Senegal holds its First National Climate Outlook Forum

Thursday, June 22, 2017

For the first time in history, Senegal held a National Climate Outlook Forum, convening multidisciplinary sectoral representatives to discuss the 2017 seasonal precipitation forecast for the country

Senegal, like other Sahelian countries, is subject to climate variability and extreme events such as droughts, floods and heat waves. According to Intergovernmental Panel on Climate Change (IPCC) reports, extreme events will increase in number and frequency over the next few decades. Given the country’s economic dependence on agricultural and livestock activities, rainfall variability has a critical effect on the livelihoods of a vast number of Senegalese. This increases the country’s vulnerability to climate shocks.
 
Global initiatives such as the Global Framework for Climate Services (GFCS) were established to respond to such challenges. GFCS facilitates the development of targeted climate services, seeking to contribute to increasing a country’s national adaptive capacity and resiliency to changes in climate. GFCS has invited countries from around the world, including Senegal, to implement frameworks at the national level and to develop climate-friendly products packaged and communicated based on the needs of users. The seasonal forecast is one of those products.

On 15 June 2017, the National Agency for Civil Aviation and Meteorology (ANACIM) organised the first National Climate Outlook Forum to disseminate seasonal predictions, develop recommendations for key users, and support the tailoring of seasonal data to inform decision-making. 

Participants included various ministries; technical directorates; representatives of international and sub-regional organizations, NGOs and universities; representatives of the agriculture and fisheries sectors; and members of the press.

During the opening remarks, Dr. Arame Tall, GFCS Regional Coordinator for Africa, emphasized the historical nature of this first National Climate Outlook Forum (NCOF), which brought ANACIM’s seasonal forecast to users for their review and input. This co-production of user-driven and operational advisories, based on the seasonal outlook for the June-July-August 2017 period, aims to limit the adverse impacts of above normal rain events on Senegal’s key economic sectors, including agriculture, fishing and tourism. Mr. Alioune Ndiaye, Special Advisor on Africa to the World Meteorological Organization Secretary General, emphasised the critical threat posed by climate change on Senegal’s economy. This was reinforced by Mme Maimouna Ndoye Seck, the official representative from the Ministry of Tourism and Air Transportation, who highlighted the government’s commitment to institutionalising the National Framework of Climate Change, starting from her Ministry.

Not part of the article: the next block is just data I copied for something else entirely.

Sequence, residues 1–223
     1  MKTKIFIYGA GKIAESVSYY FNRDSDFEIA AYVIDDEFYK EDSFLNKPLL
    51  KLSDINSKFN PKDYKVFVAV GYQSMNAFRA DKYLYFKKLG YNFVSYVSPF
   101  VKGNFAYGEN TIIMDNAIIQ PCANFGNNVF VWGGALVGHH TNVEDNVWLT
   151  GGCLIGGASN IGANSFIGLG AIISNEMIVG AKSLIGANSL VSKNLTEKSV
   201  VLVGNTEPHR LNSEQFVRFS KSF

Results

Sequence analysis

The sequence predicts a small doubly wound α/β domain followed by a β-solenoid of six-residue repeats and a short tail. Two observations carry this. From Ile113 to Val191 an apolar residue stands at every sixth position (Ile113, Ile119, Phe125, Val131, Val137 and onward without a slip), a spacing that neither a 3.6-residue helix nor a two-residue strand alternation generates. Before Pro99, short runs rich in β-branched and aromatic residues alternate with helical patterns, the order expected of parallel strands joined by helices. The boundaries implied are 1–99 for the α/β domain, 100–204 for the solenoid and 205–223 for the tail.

In the morning sessions, Senegal’s seasonal rainfall forecast for 2017 was shared with the participants. Potential implications on different sectors were examined in the afternoon. Participants joined thematic groups to discuss health, food security, disaster risk management, and water and energy resources in greater detail. Discussions focused on three areas:

  1. the intervention of partners and the measures to be taken based on the potential impact on the catchment on the basis of precipitation forecasts;
  2. proposed preparation and intervention measures at sectoral level; and
  3. identification of gaps that must be overcome and information needs for predictions where is no immediate answer

The workshop was deemed a success with the results of the 2017 seasonal forecast actively and effectively shared amongst key stakeholders. It was also a great opportunity for ANACIM to kickstart a co-production styled approach for future seasonal forecasts, to ensure that the technical meteorological information is adequately translated for all the critical sectors in Senegal.

This activity was conducted as part of the “Climate Services for Increased Resilience in the Sahel” project, funded by the United States Agency for International Development (USAID). 

(The opinions expressed in this news article are those of the author and do not necessarily reflect the view of USAID.)

For more information on the project please contact: Veronica Grasso at vgrasso@wmo.int

Please send comments, suggestions or feedback through our contact form